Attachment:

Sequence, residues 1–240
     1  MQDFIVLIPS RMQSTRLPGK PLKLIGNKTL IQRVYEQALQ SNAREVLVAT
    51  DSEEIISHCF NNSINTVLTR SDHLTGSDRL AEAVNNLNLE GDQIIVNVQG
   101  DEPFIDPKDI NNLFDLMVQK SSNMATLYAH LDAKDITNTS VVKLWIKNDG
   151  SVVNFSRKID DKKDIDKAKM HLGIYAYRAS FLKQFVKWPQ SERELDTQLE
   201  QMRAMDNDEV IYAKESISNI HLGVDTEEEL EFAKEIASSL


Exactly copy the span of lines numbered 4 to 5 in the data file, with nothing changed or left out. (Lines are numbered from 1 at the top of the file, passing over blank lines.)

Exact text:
   101  DEPFIDPKDI NNLFDLMVQK SSNMATLYAH LDAKDITNTS VVKLWIKNDG
   151  SVVNFSRKID DKKDIDKAKM HLGIYAYRAS FLKQFVKWPQ SERELDTQLE